5. Problem for future technology: smoothly running production kills business case for better aircraft. See B787. From a 10-year horizon business man perspective, it was an utter failure. 20 year perspective looks far brighter, but what was the longest time a CEO sad on his chair?

  6. It was revealing, at least it was for me, that the 777 is the only twin certified for ETOPS 330, more so that only Air New Zealand uses it for that.

  7. I thought the definition of ETOPS was “Extended-range Twin-engine Operational Performance Standards”. so perhaps it does apply only to twin engined aircraft. Im sure there are standards for 3 or 4 engined aircarft as well.

    • ETOPS initially only applied to twins, leaving divert, etc, for quads largely unrestricted. DOT/FAA/Etc believe that was an oversight and moved to require ETOPS qual for any airplane operating greater than 180 minutes from a diversion.

  8. Big News

    Boeing-Airbus Split $17 Billion Singapore Wide-Body Jet Purchase

    http://www.bloomberg.com/news/2013-05-30/singapore-air-to-order-17-billion-of-airbus-boeing-aircraft.html

    Congratulation to Boeing for having a 787-10 launch customer!

    The airline plans to order 30 more Airbus A350-900s and 30 Boeing 787-10X planes
    ……
    Airbus was granted an option for 20 additional A350-900s, which Singapore said it may convert into orders for the larger -1000.

    Congratulation too for Airbus! That’s a lot of A350s for SQ.

    • Those 787-10s will in all likelihood go to Scoot. I doubt we’ll see 787s at SQ mainline.

      70 A350-900s for SQ mainline and options for 20 more (Dash-1000s?).

    • I guess this means that the 787-10 is real? So when will SQ announce the 20 unit 777X order?

      • The 787-10 (order) is not yet for real. It has not been launched so can’t be ordered yet. It’s more of a “commitment” of some sort.
        “Boeing welcomes Singapore Airlines’ interest in the 787-10X, and we look forward to continuing discussions to satisfy their fleet requirements,” the company said by e-mail.

      • I’m not sure if SQ will order the 777X. Too tight at 10 across in Y.

  9. Perhaps you owe Keesje an apology. You are using the US definition as the “universal standard”. AFAIK, ETOPS is an acronym for ExTendedOPerationS, as redefined by the FAA in 2007, but for only US-registered passenger aircraft. After the FAA issued the new rules on ETOPS on February 15, 2007, EASA also updated their rules but only for the twins. The ICAO defines ETOPS as Extended Diversion Time Operations (EDTO), while EASA uses the term Long-Range OPerationS (LROPS).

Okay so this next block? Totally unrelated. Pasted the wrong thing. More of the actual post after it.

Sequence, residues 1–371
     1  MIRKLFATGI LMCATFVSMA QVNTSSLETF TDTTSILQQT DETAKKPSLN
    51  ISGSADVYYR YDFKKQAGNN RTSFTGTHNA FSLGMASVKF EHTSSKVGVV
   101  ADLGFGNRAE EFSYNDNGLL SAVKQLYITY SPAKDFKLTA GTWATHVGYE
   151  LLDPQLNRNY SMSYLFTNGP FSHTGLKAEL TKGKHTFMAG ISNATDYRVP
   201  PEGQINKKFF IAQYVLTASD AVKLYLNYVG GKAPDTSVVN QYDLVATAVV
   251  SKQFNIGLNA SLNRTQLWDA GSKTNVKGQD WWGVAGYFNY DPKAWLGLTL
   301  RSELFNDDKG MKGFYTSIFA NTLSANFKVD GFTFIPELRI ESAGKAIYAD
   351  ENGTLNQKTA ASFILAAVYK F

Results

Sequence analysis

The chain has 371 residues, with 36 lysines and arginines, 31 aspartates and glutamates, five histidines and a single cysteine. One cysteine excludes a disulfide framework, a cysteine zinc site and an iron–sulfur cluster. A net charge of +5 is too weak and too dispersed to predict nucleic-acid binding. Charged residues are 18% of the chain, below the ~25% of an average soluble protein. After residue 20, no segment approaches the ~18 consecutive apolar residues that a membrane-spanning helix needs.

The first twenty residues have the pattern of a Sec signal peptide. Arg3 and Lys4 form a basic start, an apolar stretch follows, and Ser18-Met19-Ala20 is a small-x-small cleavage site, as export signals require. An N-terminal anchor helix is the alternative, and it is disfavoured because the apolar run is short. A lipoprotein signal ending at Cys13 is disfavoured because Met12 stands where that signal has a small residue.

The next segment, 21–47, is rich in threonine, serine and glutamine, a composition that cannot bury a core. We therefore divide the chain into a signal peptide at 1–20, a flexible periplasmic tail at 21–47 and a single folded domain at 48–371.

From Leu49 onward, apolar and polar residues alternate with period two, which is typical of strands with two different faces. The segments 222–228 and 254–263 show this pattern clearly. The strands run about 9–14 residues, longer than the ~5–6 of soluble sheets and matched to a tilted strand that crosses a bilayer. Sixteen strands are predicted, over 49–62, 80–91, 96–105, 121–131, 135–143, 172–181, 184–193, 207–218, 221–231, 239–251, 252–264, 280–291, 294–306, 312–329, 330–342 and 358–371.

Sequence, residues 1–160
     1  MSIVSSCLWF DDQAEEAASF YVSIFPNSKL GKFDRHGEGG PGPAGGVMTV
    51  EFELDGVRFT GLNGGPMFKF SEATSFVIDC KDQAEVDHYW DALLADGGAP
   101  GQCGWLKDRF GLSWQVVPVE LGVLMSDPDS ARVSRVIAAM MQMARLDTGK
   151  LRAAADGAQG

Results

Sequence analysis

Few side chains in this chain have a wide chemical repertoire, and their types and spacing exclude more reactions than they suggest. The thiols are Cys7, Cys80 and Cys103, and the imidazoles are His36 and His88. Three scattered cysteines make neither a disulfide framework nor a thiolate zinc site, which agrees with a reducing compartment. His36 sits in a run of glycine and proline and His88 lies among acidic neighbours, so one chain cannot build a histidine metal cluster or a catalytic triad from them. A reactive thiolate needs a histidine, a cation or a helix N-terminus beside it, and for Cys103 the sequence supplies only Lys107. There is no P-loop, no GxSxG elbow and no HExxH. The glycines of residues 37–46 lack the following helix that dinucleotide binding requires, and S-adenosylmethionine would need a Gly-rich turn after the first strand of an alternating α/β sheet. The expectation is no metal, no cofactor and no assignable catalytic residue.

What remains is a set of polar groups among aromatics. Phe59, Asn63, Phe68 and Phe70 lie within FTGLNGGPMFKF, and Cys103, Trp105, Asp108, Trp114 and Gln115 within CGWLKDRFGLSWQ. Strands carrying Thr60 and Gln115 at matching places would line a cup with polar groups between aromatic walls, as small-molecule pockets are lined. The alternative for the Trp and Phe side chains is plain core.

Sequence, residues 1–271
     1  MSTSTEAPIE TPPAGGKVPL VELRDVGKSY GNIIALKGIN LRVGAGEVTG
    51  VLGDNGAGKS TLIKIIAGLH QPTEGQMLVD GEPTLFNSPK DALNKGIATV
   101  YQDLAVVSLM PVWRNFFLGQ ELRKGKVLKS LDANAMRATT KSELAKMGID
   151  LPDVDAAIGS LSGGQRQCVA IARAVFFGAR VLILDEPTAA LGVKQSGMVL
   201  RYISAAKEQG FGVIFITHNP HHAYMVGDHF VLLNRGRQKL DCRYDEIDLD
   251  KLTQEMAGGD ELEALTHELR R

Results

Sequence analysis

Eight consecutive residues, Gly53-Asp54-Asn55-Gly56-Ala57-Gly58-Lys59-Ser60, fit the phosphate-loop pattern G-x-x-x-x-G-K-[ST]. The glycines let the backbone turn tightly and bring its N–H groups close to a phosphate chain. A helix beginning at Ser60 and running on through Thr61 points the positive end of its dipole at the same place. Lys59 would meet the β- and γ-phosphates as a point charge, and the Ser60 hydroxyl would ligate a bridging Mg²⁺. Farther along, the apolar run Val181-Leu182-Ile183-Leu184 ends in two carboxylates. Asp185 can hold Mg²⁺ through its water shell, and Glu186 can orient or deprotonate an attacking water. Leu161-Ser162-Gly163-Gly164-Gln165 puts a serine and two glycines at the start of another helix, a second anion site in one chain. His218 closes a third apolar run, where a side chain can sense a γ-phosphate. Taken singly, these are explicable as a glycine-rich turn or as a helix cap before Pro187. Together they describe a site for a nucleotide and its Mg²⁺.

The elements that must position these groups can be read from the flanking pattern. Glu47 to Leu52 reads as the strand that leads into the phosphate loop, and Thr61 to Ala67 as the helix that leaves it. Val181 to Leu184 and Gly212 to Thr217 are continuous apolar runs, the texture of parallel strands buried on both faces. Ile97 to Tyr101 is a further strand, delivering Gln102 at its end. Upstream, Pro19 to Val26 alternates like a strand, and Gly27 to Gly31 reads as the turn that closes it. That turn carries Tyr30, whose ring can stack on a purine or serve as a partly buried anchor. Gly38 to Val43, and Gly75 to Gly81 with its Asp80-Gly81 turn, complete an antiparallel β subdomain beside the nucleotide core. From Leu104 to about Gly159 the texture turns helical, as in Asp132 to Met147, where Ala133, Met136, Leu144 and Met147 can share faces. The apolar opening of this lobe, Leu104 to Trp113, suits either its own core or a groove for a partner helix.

http://www.mexico.icao.int/Meetings/RASGPA/RASGPA4/Presentation1Airbus.pdf

  10. I have been following the ETOPS issues since many-many years. It is a subject that is very close to my heart as you can notice it in several posts in my blog.

    I also invite all the people here to read Mr Mohan Pandey’s book mentioned in this entry http://wp.me/siMZI-stops

    It is interesting to note that ETÙOPS would have not been as safe as it is today without Airbus’ contribution during the discussions to the final ETOPS rules published in 2007. Airbus and other organizations contributed much to the level of safety that has been achieved by ETOPS today. It would be a huge mistake if EASA issues rules that are not as stringent as the ones issued by FAA.

    Please let me close this comment by this following anecdote. Upon Airbus’ request, four engined freighters are exempted from ETOPS “However, all-cargo operations in airplanes with more than two engines of both part 121 and part 135 are exempted from the majority of this rule.”
    https://www.federalregister.gov/articles/2007/01/16/07-39/extended-operations-etops-of-multi-engine-airplanes

    Guess which four engined freighter is in production today? And yes, you understand it very well, Airbus contributed to the 747-8 freighter’s success.

    • “I have been following the ETOPS issues since many-many years”

      You may very well have, but that’s not the point.

      Keesje said that ”Aircraft like the A340, 747 and A380 flying long flights don’t require any ETOPS.”

      Which is true according to EASA’s definitions of ETOPS and LROPS.

      Yet you managed to say that “some people need to read a little bit more before posting comments.” Maybe, just maybe, you should take a long, hard look in the mirror. 😉

  11. OV-099 :
    “I have been following the ETOPS issues since many-many years”
    You may very well have, but that’s not the point.
    Keesje said that ”Aircraft like the A340, 747 and A380 flying long flights don’t require any ETOPS.”
    Which is true according to EASA’s definitions of ETOPS and LROPS.
    Yet you managed to say that “some people need to read a little bit more before posting comments.” Maybe, just maybe, you should take a long, hard look in the mirror.

    They are required to fly under ETOPS rules. Someone else for obvious reasons does not want to make a distinction of naming between ETOPS for twind and for quads while the rules are almost the same. It is their problem. The issue is probably strong lobbying from some European aircraft manufacturer or just because they want to be perceived as “important”.

    It would be a mistake if EASA issues a set of rules that is not as stringent as FAA’s rules for the quads. There is not any reason to define a “less” safe rules for quads.
    If EASA defines rules that are less stringent for quads, then I would say that they does it on purpose to offer operational advantages to European airline such that they operate more quads. The LROPS push was clearly an effort to slow down FAA ETOPS works in early 2000.

    Unfortunately, the only passenger quads in production are the A380 and 747-8. Therefore in my opinion they are wasting their time. Both remaining quads are dinosaurs from the past and the won’t be many more A380 operated by European carriers.